Seeing things go up, down, and around.

Wednesday, May 9, 2007

Why I can't support the Dems...

Part of what's written below was something I originally posted as a comment at Gun Toting Liberal.

Tomorrow is election day, and while I'm very dissatisfied with the current GOP control of Congress and the Presidency, I can't say I would be very satisfied with a Democratically controlled Congress. While it is true that I have less disagreement with the Democrats than I do the Republicans as a whole, there are positions held by sizeable portions of the Democratic Party that I strongly disagree with, such as gun control and increased taxation. I have no opinion with regards to healthcare as I don't know enough about it. But I do know that while each of their policies might be effective individually, combining them all at once will lead this country to disaster, economically and socially.

Democrats have spoken about creating a "new" New Deal for America... and maybe some of their intentions are good. But the real surefire way to send this nation into hell is to reinstitute the welfare state of the New Deal era on overdrive and with our current immigration policy. Few people realize that the reason the New Deal was even arguably effective was that it came a decade after the last time the immigration faucet was turned off. It was turned back on in the 1960s once again, though the effects of it weren’t felt for another 10-15 years. Lucky for us, Reagan came along when he did and a good bit of the government spending was cut, forcing people who would otherwise be on the dole to work.

The more socialist an economy, the more immigration is seen as a negative thing and the more racist a “native” population becomes. Comparing Germany and Britain in the late 19th and early 20th centuries offers a fine example of this with two similar sized countries. America was able to assimilate millions of eastern and southern Europeans precisely because they had to make it on their own.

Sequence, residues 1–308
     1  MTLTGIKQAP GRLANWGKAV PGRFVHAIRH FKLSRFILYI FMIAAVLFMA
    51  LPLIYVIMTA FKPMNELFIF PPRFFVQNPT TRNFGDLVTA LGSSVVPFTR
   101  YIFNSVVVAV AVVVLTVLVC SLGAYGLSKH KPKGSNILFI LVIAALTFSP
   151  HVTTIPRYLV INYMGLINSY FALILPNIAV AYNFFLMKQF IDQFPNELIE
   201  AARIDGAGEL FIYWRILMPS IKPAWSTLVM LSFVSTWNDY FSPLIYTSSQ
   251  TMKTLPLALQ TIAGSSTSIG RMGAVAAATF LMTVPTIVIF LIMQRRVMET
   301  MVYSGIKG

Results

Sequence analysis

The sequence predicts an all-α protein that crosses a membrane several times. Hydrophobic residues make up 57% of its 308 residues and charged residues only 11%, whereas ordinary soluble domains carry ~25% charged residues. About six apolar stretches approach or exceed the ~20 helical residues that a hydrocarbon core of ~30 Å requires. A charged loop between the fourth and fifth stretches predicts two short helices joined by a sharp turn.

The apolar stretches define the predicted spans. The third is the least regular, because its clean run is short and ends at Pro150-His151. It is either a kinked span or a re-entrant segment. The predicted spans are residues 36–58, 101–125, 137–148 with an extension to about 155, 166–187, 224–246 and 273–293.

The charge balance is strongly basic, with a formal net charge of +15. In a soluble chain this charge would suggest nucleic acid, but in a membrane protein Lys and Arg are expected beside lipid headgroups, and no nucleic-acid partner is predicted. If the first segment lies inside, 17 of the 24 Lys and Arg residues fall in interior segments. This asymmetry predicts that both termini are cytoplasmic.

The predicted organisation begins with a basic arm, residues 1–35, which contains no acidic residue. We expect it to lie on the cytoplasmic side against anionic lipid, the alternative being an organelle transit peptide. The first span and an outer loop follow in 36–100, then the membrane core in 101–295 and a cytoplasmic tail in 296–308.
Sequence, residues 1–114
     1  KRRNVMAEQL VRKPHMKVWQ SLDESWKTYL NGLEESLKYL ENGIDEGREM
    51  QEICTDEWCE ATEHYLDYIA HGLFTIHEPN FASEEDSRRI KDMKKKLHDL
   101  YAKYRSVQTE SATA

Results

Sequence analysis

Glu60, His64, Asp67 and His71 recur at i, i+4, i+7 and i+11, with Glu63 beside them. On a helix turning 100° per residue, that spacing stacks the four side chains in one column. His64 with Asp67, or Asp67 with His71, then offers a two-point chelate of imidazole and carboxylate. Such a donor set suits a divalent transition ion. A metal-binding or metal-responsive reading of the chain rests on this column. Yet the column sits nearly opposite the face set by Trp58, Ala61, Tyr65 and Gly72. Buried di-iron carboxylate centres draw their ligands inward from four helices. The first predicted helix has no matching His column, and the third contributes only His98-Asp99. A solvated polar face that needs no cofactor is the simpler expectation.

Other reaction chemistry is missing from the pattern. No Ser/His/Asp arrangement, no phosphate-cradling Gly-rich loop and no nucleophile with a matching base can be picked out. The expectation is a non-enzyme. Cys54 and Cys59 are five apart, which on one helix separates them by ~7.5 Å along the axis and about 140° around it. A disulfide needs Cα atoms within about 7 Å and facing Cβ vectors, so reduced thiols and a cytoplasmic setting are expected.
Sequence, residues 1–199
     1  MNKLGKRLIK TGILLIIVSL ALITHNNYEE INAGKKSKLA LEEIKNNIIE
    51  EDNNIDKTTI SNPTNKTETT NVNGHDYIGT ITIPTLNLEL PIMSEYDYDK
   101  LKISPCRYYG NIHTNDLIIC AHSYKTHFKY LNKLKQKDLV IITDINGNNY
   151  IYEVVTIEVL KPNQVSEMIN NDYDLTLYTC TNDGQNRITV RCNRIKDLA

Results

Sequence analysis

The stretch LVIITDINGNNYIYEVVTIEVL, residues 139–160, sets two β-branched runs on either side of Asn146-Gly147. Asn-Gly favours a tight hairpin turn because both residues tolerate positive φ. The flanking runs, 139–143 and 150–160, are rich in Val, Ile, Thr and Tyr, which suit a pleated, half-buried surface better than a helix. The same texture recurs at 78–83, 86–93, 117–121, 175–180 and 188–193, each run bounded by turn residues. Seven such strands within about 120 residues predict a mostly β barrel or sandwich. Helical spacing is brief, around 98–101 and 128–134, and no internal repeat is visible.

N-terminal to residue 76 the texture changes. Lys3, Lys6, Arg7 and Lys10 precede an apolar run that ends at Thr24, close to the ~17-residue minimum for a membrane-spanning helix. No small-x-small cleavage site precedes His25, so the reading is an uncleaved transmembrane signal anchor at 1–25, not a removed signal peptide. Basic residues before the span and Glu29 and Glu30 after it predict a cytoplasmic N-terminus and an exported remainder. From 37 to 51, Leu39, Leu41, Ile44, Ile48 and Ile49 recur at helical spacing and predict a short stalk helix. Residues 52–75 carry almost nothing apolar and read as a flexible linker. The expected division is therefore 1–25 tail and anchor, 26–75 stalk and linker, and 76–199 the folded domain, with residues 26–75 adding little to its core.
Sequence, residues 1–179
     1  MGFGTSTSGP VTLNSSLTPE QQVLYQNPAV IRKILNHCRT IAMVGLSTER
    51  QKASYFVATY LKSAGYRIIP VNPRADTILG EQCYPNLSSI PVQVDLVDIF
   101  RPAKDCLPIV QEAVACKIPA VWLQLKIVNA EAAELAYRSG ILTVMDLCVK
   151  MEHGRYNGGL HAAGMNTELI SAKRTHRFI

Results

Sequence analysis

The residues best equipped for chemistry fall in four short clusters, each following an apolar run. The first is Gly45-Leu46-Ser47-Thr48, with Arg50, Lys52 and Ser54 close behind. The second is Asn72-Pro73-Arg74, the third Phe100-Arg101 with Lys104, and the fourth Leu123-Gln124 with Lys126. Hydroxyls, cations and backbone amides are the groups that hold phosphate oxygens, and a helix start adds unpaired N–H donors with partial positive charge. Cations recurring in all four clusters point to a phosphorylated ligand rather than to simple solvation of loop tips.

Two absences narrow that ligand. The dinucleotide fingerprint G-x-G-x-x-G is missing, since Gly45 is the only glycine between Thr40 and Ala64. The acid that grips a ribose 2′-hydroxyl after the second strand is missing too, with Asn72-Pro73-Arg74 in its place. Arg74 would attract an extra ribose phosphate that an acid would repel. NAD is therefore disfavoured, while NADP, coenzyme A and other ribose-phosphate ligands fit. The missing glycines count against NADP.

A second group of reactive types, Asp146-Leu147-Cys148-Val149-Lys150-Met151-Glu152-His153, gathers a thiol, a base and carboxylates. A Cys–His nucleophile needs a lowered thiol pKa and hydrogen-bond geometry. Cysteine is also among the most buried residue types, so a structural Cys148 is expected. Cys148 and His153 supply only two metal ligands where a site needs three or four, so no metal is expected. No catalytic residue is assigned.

The reason I’m not terribly concerned about our current immigration policy is that we’re not on a welfare-state apparatus that would totally wreck the system… not yet at least. As capitalist as I am (so capitalist that I want the 16th Amendment abolished), I don’t totally reject government intervention in an economy. There are cases where such intervention serves a purpose. However, so long as the Democrats as a whole advocate a big-government economic policy, they remain a threat to not only the nation’s economic well-being, but its social fabric as well.

By in large, hispanics and asians still have to work to get what they want, and enough of them succeed to provide inspiration for others who come from similar backgrounds. That’s what keeps the American Dream alive in their minds and what makes assimilation not only possible, but irresistable to most.

If you want a socio-economic system that’s headed for disaster because of immigration, look across the Atlantic. That’s what a sizable portion of the Democratic Party wants, unfortunately… and while I agree with the Democrats on most civil liberties issues (2A being the exception), if the socialist wing of their party gains too much prominence in deciding fiscal policy, the economy will go into the doghouse and social and ethnic tensions will soon follow. Good economic policy is good social policy, and the Democrats are not seeing the big picture. I cannot support them as a party until they change their ways.

I like to call myself a capitalist democrat, in the classical sense of the word “capitalist.” And maybe the Democratic Party is more friendly to small business. I've talked with business owners before and most of them have said that nothing much has changed despite Bush's tax cuts. It hasn't affected them. And this is pertinent information to me considering I'll probably be starting my own business soon after graduate school. This is probably the first election I will vote in where who gets into office will have tangible effect on my adult life, and while I certainly don't consider myself a Republican given the current framework of the GOP, I'm not really a Democrat either. I merely disagree with that party's overall policies less, and perhaps the main reason for that is that they are not in power right now. Who knows, I just might start loving the GOP if the Dems do win and stay in control for a few years.

We'll see...


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